SINGAPORE: A new mobile wellness programme has been launched in the opposition wards of Aljunied and Hougang.
The pilot, called the Wellness Bus Programme, is a collaboration between grassroots organisations in the two constituencies and community health cooperative The Good Life. It is also supported by the PAP Community Foundation, as well as the Tote Board.
Launching it on Sunday (Jul 12), Health Minister Gan Kim Yong said the new project aims to bring health education and services to the doorstep of residents.
Services at the mobile clinic are open to all residents, for free. Those identified to be at health risk will be enrolled into a year-long membership programme, which costs S$99.
There will be health literacy talks, health checks, vaccinations for seniors as well as chronic disease management and follow-up counselling and monitoring. For seniors who cannot afford the membership fee, the cooperative has set aside a certain number of free memberships.
The buses will also return to each site they have visited on a regular basis. Such regular stops will facilitate follow-up with residents, beyond just a one-off interaction.
When asked why the programme was kicking off in Aljunied and Hougang - which is under opposition Workers' Party - Mr Gan said the pilot is primarily a "ground up initiative" and is in response to feedback from seniors who want mobile access to healthcare facilities.
"The main consideration is a ground-up initiative and we also have many other initiatives in other wards as well," said Mr Gan. "Some of you may know that we have this City for all Ages project. Whampoa, for example, is a very successful one. In Choa Chu Kang, we have a similar programme - we call it Healthy City for All Ages.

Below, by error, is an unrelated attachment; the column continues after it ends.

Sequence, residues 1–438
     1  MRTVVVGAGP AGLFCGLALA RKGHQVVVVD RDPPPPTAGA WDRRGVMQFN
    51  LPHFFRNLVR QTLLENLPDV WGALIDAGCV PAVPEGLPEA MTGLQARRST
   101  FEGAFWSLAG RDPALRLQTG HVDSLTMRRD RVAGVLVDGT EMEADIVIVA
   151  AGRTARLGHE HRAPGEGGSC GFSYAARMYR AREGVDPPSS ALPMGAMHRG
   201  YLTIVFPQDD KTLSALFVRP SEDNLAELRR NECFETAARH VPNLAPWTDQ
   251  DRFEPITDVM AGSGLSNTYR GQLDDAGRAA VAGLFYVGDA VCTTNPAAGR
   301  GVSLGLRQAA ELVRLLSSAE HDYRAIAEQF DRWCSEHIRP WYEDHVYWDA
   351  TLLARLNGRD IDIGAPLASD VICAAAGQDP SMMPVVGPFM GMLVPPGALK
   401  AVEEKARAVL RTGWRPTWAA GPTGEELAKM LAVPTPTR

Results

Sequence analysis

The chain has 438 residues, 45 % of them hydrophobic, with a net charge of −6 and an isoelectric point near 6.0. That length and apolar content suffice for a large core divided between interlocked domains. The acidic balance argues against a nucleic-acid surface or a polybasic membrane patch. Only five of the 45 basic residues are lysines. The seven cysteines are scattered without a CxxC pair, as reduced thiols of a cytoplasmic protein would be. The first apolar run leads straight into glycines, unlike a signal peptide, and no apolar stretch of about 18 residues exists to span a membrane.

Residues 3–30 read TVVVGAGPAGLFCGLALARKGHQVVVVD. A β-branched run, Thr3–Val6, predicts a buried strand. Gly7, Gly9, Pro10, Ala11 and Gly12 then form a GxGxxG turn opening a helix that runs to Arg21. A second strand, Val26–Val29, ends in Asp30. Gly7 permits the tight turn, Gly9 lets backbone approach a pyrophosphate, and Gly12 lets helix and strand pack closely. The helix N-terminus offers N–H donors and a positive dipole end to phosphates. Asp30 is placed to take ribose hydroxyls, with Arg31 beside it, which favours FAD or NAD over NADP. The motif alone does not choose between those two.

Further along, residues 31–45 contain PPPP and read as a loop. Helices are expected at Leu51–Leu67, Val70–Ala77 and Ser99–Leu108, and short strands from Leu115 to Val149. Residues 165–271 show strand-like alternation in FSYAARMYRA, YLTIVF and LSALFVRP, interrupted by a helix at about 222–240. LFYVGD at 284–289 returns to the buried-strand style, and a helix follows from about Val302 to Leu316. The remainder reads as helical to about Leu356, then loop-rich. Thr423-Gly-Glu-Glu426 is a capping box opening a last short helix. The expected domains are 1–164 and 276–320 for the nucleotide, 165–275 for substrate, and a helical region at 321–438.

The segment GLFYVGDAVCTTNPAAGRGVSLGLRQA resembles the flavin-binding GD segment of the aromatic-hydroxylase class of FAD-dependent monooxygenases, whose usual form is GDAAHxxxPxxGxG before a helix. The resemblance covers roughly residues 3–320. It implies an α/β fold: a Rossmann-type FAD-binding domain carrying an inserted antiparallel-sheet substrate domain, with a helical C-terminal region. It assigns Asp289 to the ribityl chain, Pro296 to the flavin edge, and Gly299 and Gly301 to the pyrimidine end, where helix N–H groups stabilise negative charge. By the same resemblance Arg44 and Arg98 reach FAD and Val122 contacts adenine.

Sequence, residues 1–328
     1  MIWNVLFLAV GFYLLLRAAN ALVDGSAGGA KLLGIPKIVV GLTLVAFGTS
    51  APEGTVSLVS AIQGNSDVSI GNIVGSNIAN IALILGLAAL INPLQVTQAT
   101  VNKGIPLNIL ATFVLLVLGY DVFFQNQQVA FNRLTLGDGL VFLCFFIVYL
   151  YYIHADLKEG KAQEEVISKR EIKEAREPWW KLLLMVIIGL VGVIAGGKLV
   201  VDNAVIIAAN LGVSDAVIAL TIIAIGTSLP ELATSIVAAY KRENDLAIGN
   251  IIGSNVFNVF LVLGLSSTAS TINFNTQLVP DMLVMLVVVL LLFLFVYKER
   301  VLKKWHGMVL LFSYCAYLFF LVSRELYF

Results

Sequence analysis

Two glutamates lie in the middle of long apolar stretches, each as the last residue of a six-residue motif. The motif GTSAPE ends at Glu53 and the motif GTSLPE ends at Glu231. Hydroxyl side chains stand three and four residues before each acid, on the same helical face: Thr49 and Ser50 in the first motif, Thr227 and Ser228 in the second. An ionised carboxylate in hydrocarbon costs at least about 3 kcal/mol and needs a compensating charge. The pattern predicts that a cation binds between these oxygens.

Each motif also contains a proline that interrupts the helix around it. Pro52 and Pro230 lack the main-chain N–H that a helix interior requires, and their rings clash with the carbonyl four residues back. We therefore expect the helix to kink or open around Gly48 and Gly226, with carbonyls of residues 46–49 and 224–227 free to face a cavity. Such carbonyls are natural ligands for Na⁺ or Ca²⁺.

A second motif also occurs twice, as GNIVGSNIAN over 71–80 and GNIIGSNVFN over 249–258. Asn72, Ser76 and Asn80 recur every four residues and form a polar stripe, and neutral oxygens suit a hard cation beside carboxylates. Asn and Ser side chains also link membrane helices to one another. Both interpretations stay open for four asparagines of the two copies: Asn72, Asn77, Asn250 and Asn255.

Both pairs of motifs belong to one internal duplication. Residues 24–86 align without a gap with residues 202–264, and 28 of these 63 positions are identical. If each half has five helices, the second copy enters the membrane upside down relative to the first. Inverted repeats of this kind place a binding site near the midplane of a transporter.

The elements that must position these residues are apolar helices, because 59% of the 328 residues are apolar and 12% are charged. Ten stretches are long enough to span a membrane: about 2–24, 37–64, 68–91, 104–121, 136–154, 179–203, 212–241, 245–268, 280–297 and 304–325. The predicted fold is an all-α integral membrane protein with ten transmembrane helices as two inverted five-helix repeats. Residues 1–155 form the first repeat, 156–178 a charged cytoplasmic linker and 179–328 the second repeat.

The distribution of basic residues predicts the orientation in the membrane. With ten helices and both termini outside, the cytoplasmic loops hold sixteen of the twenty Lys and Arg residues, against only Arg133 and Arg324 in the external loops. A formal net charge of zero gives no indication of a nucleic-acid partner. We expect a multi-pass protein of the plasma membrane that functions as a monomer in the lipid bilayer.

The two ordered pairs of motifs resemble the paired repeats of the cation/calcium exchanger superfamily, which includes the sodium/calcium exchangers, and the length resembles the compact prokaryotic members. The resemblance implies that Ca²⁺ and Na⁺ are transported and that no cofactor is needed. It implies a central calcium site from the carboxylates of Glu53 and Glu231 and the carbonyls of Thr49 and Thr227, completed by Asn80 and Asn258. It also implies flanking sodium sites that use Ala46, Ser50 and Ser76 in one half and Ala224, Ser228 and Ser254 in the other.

"The focus on supporting ageing is on health programmes. We have several programmes ongoing, this is one of them."
Heads of the various PAP branch divisions in Aljunied and Hougang were spotted at the event, which was held in the Serangoon division of Aljunied.
Mr Gan said the latest initiative rides on other programmes to prepare Singapore for an ageing population. They include the Pioneer Generation Package and MediShield Life.
"This is also broadly in line with the Ministry of Health's strategy to bring healthcare services to the community," he said. "We try to help our people to stay healthy through community support, particularly for the seniors.
"We really want to help them stay active and healthy as they grow old, because all of us are growing old, including myself. You have to develop more initiatives and programmes to support ageing, so that they can stay active and healthy."
Chairperson of The Good Life Cooperative, Dr Carol Tan, said the project will be introduced in other constituencies depending on requests by the community. She said, so far, Hong Kah and Choa Chu Kang constituencies have expressed interest.
"The community has come in very strong," she said. "They actually tell us what talks they want. For example, painful knees is a very hot topic, so they tell us and we find the doctors and then we organise the talks.
"I have a lot of doctors who volunteer. Then if the people want and they join us as members, then they join us for a year-long programme, which includes the health talk, the one-to-one coaching and the discounts, or what we call lower-costs, for everything from vaccines, to blood tests, to diapers to supplemental feeds as well."
Residents welcomed the pilot project.
Hougang resident Loke Lai Lin, 65, says she usually travels to Tan Tock Seng for her medical appointments. She looks forwards to a shorter commute, with the mobile clinic.
"We are getting older," she said. "Because of our leg, we cannot walk far, so this bus is very good for us. Now we can walk good, but later on when we cannot walk, we need this at our doorstep."
Nationwide, the project will offer some 800 seniors full health assessments, another 2,000 will get vaccinations and and some 10,000 will be engaged in health literacy programmes.